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  Continuous 2D Worlds using chunks and rendering.  (Read 1882 times)
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Offline unenergizer

Junior Devvie


Medals: 5
Exp: 5 years


Trying to figure it all out


« Posted 2018-09-26 09:30:12 »

Hello everyone,

I could use some help and hopefully someone here can put me on the right path.

My overall goal, is I want stream 2D world chunks to client machines.  I can do the networking, but I am having a problem figuring out how to render the world as the player travels through it.  I can write a loop to get exactly what tiles to display, but I don't know how to render these tiles.  I have looked at the source of map renders in LibGDX and most parts of the code I don't understand. It looks like the renderTileLayer does some sort of 3D work, but I don't know anything about 3D to fully understand what is going on.

https://github.com/libgdx/libgdx/blob/master/gdx/src/com/badlogic/gdx/maps/tiled/renderers/OrthogonalTiledMapRenderer.java

If someone can point me in the right direction to achieve this effect that would be greatly appreciated! Smiley


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Steam: unenergizer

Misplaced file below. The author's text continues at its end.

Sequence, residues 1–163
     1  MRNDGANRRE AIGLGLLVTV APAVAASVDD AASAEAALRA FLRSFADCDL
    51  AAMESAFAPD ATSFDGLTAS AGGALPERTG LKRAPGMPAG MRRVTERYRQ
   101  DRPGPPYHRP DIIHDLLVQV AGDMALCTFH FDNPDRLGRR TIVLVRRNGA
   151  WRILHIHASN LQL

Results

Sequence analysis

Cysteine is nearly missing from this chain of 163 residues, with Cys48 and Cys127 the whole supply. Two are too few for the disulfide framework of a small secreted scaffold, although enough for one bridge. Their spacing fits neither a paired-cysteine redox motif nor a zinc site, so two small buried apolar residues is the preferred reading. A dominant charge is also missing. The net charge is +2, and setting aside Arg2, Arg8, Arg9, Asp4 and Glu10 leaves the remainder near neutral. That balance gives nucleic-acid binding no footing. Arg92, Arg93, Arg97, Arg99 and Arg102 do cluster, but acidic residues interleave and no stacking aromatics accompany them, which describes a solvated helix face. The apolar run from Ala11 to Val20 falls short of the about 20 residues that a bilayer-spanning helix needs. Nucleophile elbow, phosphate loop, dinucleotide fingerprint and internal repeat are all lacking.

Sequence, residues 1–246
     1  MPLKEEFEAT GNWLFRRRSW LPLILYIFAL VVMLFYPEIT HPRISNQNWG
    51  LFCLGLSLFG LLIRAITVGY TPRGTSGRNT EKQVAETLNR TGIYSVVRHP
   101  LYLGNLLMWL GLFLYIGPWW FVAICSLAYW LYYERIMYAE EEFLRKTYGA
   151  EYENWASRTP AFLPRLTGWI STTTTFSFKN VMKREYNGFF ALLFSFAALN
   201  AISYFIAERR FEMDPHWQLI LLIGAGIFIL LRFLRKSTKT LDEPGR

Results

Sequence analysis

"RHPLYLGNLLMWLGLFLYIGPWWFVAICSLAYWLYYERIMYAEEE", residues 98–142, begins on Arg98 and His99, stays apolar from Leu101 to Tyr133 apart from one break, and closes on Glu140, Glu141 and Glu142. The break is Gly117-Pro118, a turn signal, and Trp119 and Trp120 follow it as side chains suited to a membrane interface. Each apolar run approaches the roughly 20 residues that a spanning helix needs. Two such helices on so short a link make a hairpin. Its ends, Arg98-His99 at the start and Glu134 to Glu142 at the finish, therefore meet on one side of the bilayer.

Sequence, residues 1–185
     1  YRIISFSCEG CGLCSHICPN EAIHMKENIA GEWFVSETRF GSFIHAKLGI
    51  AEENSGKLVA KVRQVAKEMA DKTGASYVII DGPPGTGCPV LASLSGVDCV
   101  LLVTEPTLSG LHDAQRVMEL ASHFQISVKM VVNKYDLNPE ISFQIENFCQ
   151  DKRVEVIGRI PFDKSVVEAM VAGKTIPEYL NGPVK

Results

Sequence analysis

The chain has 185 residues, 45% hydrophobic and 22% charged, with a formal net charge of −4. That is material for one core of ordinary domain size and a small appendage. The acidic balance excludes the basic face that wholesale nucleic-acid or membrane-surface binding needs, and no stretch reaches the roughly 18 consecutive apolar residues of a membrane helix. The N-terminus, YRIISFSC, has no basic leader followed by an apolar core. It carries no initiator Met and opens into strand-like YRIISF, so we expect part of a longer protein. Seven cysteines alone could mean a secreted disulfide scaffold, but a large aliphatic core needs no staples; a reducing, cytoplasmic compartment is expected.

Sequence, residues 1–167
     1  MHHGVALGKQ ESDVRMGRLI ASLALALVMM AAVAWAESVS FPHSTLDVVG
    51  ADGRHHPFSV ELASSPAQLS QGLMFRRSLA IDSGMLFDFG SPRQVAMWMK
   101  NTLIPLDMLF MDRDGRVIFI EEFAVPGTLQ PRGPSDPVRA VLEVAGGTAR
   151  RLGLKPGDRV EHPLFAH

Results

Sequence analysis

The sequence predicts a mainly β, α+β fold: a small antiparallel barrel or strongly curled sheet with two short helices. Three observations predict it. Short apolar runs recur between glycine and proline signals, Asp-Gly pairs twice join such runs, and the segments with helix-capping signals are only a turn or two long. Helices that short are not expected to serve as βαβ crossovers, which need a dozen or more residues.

Offline CommanderKeith
« Reply #1 - Posted 2018-09-26 11:48:12 »

Hi,
I'm not familiar with libgdx but you could write your own tile renderer to draw the tiles directly using the libgdx graphics drawing commands. Often it's easier to roll your own code rather than learning someone else's heavily abstracted general purpose code. That being said, libgdx is held in high regard.

The usual way to quickly render tiles is to figure out where your player is in tile coordinates and then calculate the tile coordinates of a corner of the screen, then render that tile and all the rows and columns from that corner to the opposite one in a big rectangle. Then you won't waste processor time drawing non-visible off screen tiles.

The libgdx code looks to be doing just that, but with some extra vertice flipping going on which is probably just an optimisation to draw a quad in some other orientation to what is stored in the sprite sheet in an efficient way that requires no additional sprite textures to be stored in VRAM.
Cheers,
Keith

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